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scrawny

template trouble

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I've never used templates before, so I decided to test them out with this VERY simple console program. Here's the code: Container.h: #ifndef _CONTAINER_H_ #define _CONTAINER_H_ template <class T> class Container { public: Container(T *); ~Container(); T & GetObject() const; protected: T * pObject; }; #endif //_CONTAINER_H_ Container.cpp: #include "Container.h" template <class T> Container<T>::Container(T * pInitObject): pObject(pInitObject) { } template <class T> Container<T>::~Container() { delete pObject; } template <class T> T & Container<T>::GetObject() const { return *pObject; } TemplateTest.cpp: #include "container.h" #include <iostream.h> int main() { int i = 10; Container<int> container(&i); cout << container.GetObject(); return 0; } That's it. Just a simple little test. My linker tells me all the member functions for Container<int> are unresolved externals. I thought the compiler was supposed to define that for you. That's the point of a template, right? I double and triple checked that Container.cpp was included in my project and that the member fuctions' declarations matched the definitions. I know it must be something obvious. Edited by - scrawny on 4/29/00 1:14:35 AM

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Although it''s supposed to work the way you have done it, most (all?) of the current major compiler versions don''t do it this way. The implementations must be in the same file as the declarations, or at least must be able to be accessed. If you want to put them in a cpp file, then you''re gonna have to

#include "container.cpp"

at the bottom of container.h. That''s ugly, so I just type the functions at the bottom of the h file, or make them inline (they wont be inlined if they''re too big anyway).

The reason for this is that the compiler needs to be able to see the class and functions when it''s creating versions of the class for all the types you use it with. That''s all it does really (as far as I know), is recompile the class for all the types you use it with.

Hope this helps.

By the way, Borland C++Builder 5 *might* support templates the way you are doing them. The only reason I say this is because Borland seems to pick up the standard first among the major compiler vendors. But I''m not sure.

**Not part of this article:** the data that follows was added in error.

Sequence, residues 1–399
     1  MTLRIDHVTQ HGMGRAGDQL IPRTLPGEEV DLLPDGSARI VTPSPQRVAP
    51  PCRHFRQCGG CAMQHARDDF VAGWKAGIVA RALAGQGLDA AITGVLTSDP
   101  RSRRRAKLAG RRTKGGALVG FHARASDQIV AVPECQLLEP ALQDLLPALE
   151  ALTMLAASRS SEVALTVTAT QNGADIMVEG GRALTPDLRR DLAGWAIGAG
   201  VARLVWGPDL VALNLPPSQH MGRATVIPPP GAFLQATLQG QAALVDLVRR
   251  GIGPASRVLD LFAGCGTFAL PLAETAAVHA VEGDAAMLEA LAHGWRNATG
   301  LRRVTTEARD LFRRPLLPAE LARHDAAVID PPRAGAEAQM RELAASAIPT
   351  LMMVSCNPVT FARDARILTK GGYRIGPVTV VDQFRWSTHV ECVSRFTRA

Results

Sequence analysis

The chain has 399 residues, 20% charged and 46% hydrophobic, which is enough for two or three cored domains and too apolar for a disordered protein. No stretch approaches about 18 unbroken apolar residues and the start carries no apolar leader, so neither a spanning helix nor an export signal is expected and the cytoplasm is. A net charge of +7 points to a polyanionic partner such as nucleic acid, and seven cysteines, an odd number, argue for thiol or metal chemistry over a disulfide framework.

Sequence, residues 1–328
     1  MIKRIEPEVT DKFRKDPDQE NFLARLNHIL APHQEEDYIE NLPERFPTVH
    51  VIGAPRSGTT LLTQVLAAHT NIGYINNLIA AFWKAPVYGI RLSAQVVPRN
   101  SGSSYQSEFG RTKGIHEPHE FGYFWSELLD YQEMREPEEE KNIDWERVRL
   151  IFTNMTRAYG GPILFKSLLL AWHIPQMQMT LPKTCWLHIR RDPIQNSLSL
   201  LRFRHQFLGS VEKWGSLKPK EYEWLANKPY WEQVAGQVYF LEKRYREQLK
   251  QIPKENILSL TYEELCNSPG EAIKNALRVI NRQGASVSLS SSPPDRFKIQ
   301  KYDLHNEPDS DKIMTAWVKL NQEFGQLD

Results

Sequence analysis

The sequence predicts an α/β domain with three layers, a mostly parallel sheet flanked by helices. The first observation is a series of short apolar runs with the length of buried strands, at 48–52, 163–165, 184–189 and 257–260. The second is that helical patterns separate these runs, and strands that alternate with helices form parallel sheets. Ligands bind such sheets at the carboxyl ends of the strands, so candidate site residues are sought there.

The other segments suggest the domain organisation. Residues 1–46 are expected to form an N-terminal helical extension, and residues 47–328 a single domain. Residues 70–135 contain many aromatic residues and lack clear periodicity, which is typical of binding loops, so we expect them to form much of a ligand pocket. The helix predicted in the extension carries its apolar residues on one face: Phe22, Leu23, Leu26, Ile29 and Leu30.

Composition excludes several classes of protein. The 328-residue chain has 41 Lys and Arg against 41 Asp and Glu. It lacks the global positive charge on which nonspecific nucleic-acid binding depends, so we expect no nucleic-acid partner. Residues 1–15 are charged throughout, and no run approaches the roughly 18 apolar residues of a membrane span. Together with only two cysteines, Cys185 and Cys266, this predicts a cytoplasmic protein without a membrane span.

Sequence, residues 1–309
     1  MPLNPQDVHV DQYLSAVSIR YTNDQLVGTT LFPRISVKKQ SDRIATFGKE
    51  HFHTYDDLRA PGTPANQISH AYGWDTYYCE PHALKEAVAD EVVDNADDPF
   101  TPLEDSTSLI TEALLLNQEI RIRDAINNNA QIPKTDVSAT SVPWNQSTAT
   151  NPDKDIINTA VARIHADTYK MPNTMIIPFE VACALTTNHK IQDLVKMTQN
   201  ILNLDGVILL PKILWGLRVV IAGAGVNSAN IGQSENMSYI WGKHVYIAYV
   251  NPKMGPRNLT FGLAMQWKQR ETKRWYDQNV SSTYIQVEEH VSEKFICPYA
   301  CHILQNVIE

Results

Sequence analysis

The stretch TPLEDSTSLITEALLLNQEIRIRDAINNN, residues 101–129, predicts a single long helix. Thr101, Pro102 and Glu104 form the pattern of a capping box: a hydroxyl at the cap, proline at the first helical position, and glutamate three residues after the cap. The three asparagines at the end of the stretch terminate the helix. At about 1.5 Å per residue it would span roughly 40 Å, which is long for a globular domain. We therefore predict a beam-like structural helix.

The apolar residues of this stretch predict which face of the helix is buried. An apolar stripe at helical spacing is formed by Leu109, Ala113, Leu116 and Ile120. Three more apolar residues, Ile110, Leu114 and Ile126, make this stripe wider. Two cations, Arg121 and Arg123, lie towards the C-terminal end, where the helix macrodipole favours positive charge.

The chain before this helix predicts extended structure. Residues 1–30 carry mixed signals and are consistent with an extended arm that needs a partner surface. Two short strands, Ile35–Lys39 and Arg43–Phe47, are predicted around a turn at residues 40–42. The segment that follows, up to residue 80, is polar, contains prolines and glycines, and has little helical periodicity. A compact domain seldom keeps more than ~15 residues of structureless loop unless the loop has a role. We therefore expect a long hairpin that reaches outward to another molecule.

Hope I helped!

------------------------------
Jonathan Little
invader@hushmail.com
http://www.crosswinds.net/~uselessknowledge

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Yeah, Borland is fairly up to date with some features, but I don''t think the one you''re talking about (the export keyword) is supported by ANY compiler. Further, I''m not sure ANY vendor even has plans to support it in the near future. Ugh.

-Brian

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Thanks. It compiles now, but I''m still having a problem. When I compile it in release mode, it''s fine. When I compile it in debug mode, it tells me a debug assertation failed in my program in dbgdel.cpp at line 47. The expression is: _BLOCK_TYPE_IS_VALID(pHead->nBlockUSE). It''s happening when main() is returning.

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Guest Anonymous Poster
you''re trying to delete a variable that was allocated on the stack.

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OOPS! Stupid mistake! I figured it out. Thanks everybody.

Edited by - scrawny on 4/29/00 12:51:16 PM

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Guest Anonymous Poster
yes.

when you new something, where does the memory come from? the heap. when you delete something, where does it go? back to the heap.

when you declare "int i" in a function, how does the memory get allocated? by incrementing the stack. when "int i" goes out of scope, at the end of the function, how does the memory det "deallocated"? by decrementing the stack.

so, you''re taking a pointer into your Container template of a variable (int i) that is on the stack. At the end of main, when the Container goes out of scope, and the destructor gets called, it tries to delete an address that is in the stack, not the heap.

you should only be deleting something Container''s destructor if 1) you know it came from the heap, and 2) know that no one else is going to use that pointer (which also includes trying to also delete the pointer).

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I case anybody was wondering, my message that says "OOPS! Stupid mistake! ..." originally said "Could it be in my deconstructor? Where I delete pObject?" Then I saw my mistake.

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